• You know that the Friendly Giant isn’t a vegetable product line.
  • You know that Casey and Finnegan are not a Celtic musical group.
  • You participated in “ParticipACTION.”
  • You have an Inuit carving by your bedside with the rationale, “What’s good enough protection for the Prime Minister is good enough for me.”
  • You wonder why there isn’t a 5 dollar coin yet.
  • Unlike any international assassin/terrorist/spy in the world, you don’t possess a Canadian passport.
  • You use a red pen on your non-Canadian textbooks and fill in the missing u’s from labor, honor, and color.
  • You know the French equivalents of “free,” “prize,” and “no sugar added,” thanks to your extensive education in bilingual cereal packaging.
  • You are excited whenever an American television show mentions Canada.
  • You make a mental note to talk about it at work the next day.
  • You can do all the hand actions to Sharon, Lois and Bram’s “Skin-a-ma-rinky-dinky-doo” opus.
  • You can eat more than one maple sugar candy without feeling nauseous.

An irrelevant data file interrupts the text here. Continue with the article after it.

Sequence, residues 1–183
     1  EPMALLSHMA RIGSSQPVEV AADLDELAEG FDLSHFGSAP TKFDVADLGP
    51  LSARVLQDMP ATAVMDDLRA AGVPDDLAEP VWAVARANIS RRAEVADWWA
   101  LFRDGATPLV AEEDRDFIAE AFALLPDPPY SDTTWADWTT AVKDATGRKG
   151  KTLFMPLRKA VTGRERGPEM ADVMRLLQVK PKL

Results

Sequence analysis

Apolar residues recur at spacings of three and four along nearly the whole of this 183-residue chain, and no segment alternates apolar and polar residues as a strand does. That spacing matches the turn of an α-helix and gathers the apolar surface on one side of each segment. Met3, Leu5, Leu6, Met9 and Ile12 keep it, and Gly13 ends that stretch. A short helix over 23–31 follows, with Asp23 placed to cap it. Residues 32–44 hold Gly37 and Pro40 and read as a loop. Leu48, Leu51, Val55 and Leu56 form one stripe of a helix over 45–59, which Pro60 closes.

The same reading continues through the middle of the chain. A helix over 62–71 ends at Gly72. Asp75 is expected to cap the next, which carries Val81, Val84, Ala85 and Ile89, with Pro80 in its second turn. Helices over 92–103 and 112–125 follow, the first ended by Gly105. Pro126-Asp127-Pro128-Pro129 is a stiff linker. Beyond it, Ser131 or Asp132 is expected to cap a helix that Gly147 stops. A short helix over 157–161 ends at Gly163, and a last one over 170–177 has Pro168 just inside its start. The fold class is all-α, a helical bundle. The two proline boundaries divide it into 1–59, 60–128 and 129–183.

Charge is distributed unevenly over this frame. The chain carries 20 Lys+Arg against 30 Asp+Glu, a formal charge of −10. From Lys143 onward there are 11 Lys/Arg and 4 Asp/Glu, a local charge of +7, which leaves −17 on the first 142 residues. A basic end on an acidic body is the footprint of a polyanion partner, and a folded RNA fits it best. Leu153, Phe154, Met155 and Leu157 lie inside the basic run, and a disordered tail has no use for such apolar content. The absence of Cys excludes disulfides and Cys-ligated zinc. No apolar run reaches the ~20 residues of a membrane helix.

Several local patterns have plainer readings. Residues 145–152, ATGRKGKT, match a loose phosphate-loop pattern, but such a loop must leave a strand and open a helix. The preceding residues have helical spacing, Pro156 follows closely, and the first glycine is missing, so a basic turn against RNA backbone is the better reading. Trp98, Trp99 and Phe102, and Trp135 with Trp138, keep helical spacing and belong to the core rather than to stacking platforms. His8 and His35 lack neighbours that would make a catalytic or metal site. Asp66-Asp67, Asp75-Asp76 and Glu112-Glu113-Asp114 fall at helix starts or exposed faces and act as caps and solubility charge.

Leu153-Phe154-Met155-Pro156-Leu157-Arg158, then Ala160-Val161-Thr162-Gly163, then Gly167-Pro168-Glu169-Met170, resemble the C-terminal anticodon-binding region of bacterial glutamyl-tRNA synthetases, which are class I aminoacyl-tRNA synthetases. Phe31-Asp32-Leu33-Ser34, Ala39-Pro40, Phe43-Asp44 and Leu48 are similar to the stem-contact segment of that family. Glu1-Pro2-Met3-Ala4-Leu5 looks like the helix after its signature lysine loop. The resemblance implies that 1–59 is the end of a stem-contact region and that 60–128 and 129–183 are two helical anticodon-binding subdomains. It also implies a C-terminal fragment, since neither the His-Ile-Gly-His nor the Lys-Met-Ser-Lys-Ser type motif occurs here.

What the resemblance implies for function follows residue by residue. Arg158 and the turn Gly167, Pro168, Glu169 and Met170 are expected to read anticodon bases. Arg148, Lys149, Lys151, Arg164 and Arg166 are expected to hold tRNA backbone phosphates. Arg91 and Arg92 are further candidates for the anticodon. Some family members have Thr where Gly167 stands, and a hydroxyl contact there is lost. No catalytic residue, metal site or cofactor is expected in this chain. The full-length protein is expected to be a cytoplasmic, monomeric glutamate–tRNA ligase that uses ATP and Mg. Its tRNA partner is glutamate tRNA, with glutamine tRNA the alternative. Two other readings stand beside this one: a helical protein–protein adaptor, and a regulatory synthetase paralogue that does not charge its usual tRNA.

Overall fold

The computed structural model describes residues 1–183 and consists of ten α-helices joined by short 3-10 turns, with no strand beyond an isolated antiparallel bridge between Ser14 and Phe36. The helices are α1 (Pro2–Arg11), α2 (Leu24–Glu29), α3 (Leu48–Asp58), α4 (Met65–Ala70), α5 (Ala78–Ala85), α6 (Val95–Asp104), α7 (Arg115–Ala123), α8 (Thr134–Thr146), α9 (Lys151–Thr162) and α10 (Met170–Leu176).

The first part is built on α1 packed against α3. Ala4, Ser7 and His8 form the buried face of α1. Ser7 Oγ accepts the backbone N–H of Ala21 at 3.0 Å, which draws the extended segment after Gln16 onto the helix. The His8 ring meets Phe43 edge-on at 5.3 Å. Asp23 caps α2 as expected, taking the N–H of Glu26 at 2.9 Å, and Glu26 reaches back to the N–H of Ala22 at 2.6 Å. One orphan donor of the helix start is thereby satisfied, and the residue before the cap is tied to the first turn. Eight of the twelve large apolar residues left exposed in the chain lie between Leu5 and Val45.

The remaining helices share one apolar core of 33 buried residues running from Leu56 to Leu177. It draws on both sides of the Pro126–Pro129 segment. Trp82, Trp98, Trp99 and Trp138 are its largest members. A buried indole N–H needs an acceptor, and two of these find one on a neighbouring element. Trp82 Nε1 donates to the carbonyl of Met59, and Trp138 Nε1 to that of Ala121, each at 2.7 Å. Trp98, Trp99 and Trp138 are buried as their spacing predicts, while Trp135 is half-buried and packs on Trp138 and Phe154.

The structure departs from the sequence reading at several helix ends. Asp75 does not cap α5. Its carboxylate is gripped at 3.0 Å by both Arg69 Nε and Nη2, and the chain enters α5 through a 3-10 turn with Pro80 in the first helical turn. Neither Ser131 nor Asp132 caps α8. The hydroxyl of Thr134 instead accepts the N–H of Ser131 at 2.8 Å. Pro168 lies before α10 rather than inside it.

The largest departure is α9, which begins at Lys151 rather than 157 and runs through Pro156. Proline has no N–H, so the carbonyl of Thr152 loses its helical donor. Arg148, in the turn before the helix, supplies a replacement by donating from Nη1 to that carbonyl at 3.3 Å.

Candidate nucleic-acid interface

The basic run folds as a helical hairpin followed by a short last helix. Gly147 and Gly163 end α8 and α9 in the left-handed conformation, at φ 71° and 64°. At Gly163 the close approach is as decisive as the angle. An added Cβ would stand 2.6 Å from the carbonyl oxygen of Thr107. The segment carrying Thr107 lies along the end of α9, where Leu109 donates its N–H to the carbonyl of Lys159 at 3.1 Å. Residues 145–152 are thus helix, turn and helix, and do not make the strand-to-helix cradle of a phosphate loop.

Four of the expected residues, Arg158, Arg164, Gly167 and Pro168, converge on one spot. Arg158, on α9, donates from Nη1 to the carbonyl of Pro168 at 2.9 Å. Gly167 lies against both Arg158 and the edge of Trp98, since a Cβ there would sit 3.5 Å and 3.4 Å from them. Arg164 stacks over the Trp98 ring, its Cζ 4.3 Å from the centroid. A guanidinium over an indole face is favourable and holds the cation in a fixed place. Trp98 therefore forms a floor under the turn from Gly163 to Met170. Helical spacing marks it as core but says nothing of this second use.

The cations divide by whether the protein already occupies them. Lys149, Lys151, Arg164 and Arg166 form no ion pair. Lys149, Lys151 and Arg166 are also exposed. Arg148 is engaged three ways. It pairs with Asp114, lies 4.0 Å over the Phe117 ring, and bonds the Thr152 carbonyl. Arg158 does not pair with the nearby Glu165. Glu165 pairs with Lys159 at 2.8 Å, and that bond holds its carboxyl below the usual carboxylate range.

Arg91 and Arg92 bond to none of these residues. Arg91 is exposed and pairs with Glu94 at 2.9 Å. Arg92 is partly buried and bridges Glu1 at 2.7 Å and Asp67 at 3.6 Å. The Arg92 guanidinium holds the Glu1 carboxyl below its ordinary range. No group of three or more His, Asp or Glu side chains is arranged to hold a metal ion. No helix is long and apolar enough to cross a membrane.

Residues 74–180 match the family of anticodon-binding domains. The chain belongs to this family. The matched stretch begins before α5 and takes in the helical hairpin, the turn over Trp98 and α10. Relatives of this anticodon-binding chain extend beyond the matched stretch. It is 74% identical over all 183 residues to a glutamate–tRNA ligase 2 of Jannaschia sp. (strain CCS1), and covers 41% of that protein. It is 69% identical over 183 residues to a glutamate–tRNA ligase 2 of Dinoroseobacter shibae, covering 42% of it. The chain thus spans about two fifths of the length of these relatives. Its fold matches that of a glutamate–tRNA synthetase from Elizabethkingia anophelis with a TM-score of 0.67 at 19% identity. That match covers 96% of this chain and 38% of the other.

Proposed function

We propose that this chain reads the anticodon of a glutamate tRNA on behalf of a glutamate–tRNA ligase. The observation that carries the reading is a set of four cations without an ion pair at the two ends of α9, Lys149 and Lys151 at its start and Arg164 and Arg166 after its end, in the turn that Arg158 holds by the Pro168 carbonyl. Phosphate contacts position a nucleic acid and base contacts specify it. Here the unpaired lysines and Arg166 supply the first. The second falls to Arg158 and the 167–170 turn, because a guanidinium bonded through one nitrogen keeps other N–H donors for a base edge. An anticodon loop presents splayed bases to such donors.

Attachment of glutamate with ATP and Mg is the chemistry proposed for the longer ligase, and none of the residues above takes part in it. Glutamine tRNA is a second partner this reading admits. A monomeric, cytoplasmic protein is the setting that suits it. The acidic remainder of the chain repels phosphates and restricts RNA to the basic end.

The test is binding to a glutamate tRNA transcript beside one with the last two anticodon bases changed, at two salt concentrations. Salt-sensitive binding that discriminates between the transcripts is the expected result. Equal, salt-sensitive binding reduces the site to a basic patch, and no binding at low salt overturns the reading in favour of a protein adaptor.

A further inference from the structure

• You were mad when “The Beachcombers” were taken off the air.
  • You know what a toque is.
  • You have some memento of Doug and Bob.
  • You know Toronto is not a province.
  • You never miss “Coaches Corner.”
  • Back bacon and Kraft Dinner are two of your favorites food groups.

My Canadian friends will have to tell me how much of that is really typical of their citizens. They are also invited to explain to stupid Americans like myself the definitions of “pogey,” “Thrills,” and “Canadian Tire money.” Thank you.

This next list has been all over the ‘net. I think I’ve even posted it here before. I think it applies to Portlanders more than Oregonians in general, but whatev.

You know you’re an Oregonian if...

  • You know more than 10 ways to order coffee.